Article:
Global financial controls and global socialism

AFP Photo / Bay Ismoyo
Let’s remember the Asian financial crisis of 1997-98. Policies called ruinous ten years back are our only hope today. Throwing money at the crisis can only work if everyone simultaneously does the throwing – and that lea


Ten years ago Thailand turned from a Young Tiger of Southeast Asia into a trigger for a financial crisis that spread around Asia in the summer – fall of 1997, flowed on to Europe in 1998 and hit Russia in the fall of that year.

It all started with several U.S. hedge funds, working with best interests of their clients at heart, ‘accidentally’ crushing the Baht, the Thai national currency. The Thai financial bubble by that time was ripe and ready, only waiting to be pricked. It was born and raised in the housing and business construction industry, with the financial sector addicted to cheap foreign credit.

The Baht started falling and loan payments in U.S. currency moved beyond the scope of many habitual users, and the whole thing started falling apart.

Indonesia followed Thailand into the abyss, then other ASEAN nations, then Korea and Japan suffered their share of the continental calamity.

I think today we can, with a measure of certainty, call that a grand general rehearsal of what we are experiencing today. The Global financial crisis or, rather, the very beginning of one.

What happened then, ten years ago, after the World woke up to the dangers of the Asian crisis?

A few months into the event the IMF emergency crews arrived on the scene and, as the IMF later admitted, made things somewhat worse than before… The positive side of it all was that peoples of Asia refused to be intimidated by the crisis and resisted as much as they could. In those countries where there still was a significant agricultural sector, it absorbed scores of farmers’ relatives who fled from the cities seeking means for survival. In the cities retail establishments and eateries flew fliers saying ‘prices of the IMF Era’. The IMF money came in handy, helping to save the remnants of the financial systems of whole countries, but at the cost of those countries sacrificing a good chunk of sovereignty, and partly losing control over their own financial institutions.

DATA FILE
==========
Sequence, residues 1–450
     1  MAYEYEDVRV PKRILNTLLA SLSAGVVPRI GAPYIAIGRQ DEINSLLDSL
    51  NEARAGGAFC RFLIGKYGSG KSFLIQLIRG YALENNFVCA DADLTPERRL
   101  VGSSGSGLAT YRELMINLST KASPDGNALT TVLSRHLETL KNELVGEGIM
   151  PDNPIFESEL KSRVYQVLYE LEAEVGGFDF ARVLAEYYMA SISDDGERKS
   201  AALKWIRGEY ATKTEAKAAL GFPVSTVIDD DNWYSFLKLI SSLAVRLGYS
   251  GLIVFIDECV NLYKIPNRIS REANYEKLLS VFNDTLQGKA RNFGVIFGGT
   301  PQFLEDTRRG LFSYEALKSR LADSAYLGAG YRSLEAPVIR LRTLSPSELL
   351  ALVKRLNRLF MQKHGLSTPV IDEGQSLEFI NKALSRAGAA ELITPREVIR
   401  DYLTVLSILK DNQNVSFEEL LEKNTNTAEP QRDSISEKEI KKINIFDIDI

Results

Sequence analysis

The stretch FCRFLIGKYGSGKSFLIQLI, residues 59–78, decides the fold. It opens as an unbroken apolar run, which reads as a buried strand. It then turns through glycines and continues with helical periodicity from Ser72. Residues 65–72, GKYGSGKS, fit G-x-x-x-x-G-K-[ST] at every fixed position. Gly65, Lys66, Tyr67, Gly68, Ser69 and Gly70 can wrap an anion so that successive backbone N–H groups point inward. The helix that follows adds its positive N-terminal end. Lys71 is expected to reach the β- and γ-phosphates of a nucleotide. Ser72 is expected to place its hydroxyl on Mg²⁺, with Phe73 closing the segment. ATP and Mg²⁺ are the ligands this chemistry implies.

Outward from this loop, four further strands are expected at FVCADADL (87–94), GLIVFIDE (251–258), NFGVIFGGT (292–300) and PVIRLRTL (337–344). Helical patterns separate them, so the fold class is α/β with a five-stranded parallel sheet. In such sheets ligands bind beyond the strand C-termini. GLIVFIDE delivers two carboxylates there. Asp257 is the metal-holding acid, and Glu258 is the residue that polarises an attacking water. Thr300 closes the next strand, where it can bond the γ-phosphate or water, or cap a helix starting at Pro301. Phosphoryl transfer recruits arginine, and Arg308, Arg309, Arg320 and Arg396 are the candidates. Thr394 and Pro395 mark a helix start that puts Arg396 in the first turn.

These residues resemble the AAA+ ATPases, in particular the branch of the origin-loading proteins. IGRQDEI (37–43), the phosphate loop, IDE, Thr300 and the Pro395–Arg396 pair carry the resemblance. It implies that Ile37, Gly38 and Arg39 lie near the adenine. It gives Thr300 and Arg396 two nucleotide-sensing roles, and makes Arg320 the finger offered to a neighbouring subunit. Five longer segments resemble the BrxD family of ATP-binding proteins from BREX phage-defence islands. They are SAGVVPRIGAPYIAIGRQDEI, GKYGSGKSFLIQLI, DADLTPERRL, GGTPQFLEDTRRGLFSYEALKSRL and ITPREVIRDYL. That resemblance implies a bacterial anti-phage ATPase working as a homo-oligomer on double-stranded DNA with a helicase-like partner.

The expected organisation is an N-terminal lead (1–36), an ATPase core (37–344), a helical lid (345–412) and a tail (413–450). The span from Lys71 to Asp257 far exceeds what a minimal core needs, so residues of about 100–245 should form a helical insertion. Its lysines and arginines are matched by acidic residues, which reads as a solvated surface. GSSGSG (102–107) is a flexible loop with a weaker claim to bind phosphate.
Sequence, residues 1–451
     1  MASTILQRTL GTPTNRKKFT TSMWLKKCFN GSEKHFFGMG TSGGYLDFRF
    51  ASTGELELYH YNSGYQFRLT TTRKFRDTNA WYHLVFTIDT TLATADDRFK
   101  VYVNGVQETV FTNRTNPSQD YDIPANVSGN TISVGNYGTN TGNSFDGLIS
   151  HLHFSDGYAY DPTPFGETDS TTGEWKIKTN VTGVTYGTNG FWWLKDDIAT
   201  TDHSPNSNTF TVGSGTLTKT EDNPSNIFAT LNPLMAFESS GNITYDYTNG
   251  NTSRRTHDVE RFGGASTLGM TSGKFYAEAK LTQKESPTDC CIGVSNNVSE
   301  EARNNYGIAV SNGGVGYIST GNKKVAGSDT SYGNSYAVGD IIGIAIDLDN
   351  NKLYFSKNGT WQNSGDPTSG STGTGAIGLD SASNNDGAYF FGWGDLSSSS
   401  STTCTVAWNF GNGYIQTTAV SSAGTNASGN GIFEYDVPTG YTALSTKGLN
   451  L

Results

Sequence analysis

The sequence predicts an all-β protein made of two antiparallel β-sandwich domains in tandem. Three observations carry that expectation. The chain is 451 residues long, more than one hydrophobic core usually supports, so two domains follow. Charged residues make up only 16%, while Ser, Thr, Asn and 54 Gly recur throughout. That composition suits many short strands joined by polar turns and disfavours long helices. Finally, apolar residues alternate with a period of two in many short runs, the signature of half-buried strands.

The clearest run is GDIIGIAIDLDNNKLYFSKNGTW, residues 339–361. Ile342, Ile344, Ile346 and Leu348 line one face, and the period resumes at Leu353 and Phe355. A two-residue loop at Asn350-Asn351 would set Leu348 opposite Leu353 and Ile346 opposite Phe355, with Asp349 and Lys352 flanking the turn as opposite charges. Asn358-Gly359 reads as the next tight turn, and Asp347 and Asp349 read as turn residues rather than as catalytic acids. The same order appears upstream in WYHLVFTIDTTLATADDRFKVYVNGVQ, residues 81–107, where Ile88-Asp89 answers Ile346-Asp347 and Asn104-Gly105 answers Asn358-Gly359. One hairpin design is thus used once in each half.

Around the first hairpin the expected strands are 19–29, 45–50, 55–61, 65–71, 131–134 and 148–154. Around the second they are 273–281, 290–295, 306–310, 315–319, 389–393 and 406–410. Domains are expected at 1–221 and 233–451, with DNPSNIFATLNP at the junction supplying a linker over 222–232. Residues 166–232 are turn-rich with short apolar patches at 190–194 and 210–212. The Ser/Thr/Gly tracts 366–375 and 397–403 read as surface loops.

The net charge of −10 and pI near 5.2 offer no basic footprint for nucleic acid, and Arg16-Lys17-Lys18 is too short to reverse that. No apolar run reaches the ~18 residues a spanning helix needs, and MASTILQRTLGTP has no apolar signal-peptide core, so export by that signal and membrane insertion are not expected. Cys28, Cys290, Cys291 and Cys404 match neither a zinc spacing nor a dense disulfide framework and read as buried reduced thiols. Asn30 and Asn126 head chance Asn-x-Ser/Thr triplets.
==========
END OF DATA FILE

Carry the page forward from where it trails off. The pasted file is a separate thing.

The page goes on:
But in the end it was what remained of the real sector of the Asian economies – mainly the enterprises that were not heavily dependent on foreign credit, that kept the economies from drowning.

If we need to learn the lessons of that crisis to fight the current one, it may be interesting to look at the policies used to counter the calamity at different stages. That brings us back to Thailand as the country from which the whole thing started.

When the crisis hit, Thailand was run by General Chavalit Yongchaiyut’s Cabinet. At first the government decided to help out the banks with direct infusions from the national hard currency reserve. It helped for a while but General Chavalit understood quite well that in the long run it wouldn’t save the economy. Having received no clear answer from the U.S. he turned for help to China, and China, in quite a loose form, promised loans in Chinese currency and U.S. dollars in the amount sufficient to bail out the Baht.

The government continued throwing hard currency at the crisis with a clear understanding that it was engaged in a race against time. Finally China, after weeks of thorough consideration, had to go back on its promise – which had not been a firm one in the first place. Helping out Thailand could have led to China’s own suffering from the crisis, which, in the end, the Asian giant managed to avoid.